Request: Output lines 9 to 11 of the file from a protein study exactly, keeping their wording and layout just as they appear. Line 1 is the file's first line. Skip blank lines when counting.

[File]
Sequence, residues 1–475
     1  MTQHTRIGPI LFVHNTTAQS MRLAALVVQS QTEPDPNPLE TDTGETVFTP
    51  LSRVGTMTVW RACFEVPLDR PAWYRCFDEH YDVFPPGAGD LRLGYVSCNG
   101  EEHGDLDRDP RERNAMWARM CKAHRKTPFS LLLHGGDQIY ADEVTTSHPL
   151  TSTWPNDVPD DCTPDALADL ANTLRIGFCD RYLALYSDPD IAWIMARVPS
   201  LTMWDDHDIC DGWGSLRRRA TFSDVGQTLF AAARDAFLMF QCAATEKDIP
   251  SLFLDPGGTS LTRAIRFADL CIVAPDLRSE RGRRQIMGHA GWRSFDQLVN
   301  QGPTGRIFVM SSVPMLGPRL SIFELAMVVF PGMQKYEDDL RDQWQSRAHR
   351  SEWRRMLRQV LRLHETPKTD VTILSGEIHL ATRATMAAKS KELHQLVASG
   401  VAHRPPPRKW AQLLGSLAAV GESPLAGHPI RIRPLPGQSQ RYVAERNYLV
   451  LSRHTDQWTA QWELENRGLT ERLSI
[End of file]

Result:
   351  SEWRRMLRQV LRLHETPKTD VTILSGEIHL ATRATMAAKS KELHQLVASG
   401  VAHRPPPRKW AQLLGSLAAV GESPLAGHPI RIRPLPGQSQ RYVAERNYLV
   451  LSRHTDQWTA QWELENRGLT ERLSI